Starting a Lifeline for the Future of the Jewish People

May 24, 2024Rachel Gebeloff

I once was proud to call myself a member of Gen-Z. I thought I belonged to a generation who stood for intersectionality in our advocacy and feminism. This all changed when the world flipped upside down for Jewish people on October 7. Witnessing some of my closest friends label atrocities as "resistance" and dismiss the pain of Jews was a stark awakening. Every time I log onto social media, I brace myself for the inevitable clash with someone I care about holding hurtful views. Embracing diverse perspectives is crucial to growth, but discussions should be grounded in education rather than fueled by propaganda. As I navigate these encounters, I've found myself reevaluating my relationships, carefully considering who makes me still feel safe and valued. 

To put it lightly, it is a weird time to be in college. As a newly enrolled part-time graduate student, and full-time employee at Women of Reform Judaism, I find myself hyper aware of my actions, voice, and perception in the classroom. As I end my first semester, I watch as students at college campuses around the country push the limits of free speech. Jewish students experience harassment and hatred, which is always followed by “but.” This "but" serves as a painful reminder that even in spaces supposedly dedicated to open dialogue and inclusivity, Jewish voices are dismissed.

Working in the world of Jewish philanthropy, I understood why my email inbox was flooded with appeals from organizations soliciting funds for Israel on October 8. As a graduate student in my twenties, my capacity to give is constrained. Yet, my time working for WRJ has shown me the transformative power of philanthropy. When thinking about where I could donate in October, I knew the YES Fund would provide much needed remedies to the upheaval of our grantees. Motivated by a desire to make a difference, I started my own lifeline this October.

I have the innate privilege of staffing WRJ’s grant allocations committee, facilitating contact and building relationships with our YES Fund grantees. I support lay leaders through the process of intimately getting to know every proposal, organization, and program we have the potential to support. Lately, I’ve been thinking of our grantee Leo Baeck Education Center and their Arab Jewish summer camp WRJ has proudly funded for years. The conversations they facilitate and the space they create are more important than ever. 

As time passes, I grow prouder to work for WRJ. From our unwavering advocacy for reproductive health and pay equity, to our support of Israel, I find personal alignment with our organization's values. In May 2023, we stood shoulder to shoulder with our progressive Israeli Reform Movement partners as they courageously protested the protentional erasure of democracy by their government. In October 2023, we acted swiftly, offering our prayers, support, and emergency funding without hesitation. Working for an organization that embraces nuance and acknowledges the complexity of issues is a privilege for which I am deeply grateful. Multiple truths can coexist, which is a line of thinking I wish my generation understood.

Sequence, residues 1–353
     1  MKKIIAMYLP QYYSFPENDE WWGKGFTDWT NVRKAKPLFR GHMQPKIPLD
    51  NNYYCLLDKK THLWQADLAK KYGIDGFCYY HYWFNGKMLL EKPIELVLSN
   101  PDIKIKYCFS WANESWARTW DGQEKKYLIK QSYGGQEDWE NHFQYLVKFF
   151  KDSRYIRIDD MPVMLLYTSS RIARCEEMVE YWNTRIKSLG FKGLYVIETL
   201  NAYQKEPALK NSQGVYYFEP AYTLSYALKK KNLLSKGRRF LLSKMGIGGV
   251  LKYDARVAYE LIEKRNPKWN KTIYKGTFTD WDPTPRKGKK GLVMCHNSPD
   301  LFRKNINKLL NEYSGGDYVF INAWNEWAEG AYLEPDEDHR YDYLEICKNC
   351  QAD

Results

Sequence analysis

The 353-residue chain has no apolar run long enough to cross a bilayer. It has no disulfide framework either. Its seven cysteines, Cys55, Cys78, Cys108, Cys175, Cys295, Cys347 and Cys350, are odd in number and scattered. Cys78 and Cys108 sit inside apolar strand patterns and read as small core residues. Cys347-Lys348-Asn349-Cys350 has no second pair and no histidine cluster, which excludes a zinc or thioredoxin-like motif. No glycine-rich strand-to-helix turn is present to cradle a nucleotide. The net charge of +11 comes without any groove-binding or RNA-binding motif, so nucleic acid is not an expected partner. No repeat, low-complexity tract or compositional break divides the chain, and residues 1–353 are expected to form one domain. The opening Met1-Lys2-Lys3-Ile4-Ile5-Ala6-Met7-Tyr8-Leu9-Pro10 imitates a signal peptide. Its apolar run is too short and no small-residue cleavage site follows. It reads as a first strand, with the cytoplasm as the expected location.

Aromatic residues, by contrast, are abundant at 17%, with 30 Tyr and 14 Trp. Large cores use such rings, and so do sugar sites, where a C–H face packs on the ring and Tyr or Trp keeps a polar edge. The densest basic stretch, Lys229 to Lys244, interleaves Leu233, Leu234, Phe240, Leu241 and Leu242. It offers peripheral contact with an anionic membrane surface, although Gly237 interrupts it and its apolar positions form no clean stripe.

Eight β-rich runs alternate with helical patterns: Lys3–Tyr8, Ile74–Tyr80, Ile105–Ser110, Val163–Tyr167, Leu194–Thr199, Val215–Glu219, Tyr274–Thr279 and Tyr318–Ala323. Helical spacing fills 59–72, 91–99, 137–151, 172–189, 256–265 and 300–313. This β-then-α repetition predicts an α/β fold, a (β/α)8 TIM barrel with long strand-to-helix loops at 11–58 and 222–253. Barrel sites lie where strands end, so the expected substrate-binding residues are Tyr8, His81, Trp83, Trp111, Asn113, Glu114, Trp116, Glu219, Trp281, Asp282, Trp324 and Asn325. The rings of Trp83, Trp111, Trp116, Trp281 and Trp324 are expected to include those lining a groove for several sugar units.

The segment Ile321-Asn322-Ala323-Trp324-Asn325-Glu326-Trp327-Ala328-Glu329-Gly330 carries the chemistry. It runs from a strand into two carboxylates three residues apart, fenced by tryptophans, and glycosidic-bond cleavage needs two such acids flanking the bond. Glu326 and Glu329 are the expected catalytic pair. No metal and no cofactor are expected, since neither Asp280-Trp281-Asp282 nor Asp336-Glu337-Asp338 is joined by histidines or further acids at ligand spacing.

WRJ is more than a job. My conversations with lay leaders feel like family, and watching our grantees accomplishments gives me naches. While I have been personally and professionally consumed by the results of October, WRJ is a safe space. Everything I’ve learned working at WRJ has culminated into a transformative Jewish journey of my own. Each day, as I wear the Star of David around my neck—a deliberate choice I've made for the first time—I am reminded of the profound resilience and strength it symbolizes. The pride I feel through the star on my neck will translate to the meaning of obtaining my lifeline. To me, the circular design of the lifeline embodies the principle of l'dor vador—the passing of values from one generation to the next. The lifeline symbolizes the legacy of Reform Jewish women who have left a lasting mark on the world. The beautiful relationships I have built through working at WRJ connects to the lifeline pin I will one day proudly wear. 

If you are interested in starting a lifeline yourself, please contact Rachel Gebeloff at


Related Posts

YES Fund Grantee Spotlight: ish

ish is a Cincinnati-based community engagement organization centering Jewish arts and cultural traditions as a platform for connecting artists with communities to create new experiences, inspire pride in Jewish and intersectional identity, and foster appreciation of Cincinnati history and Jewish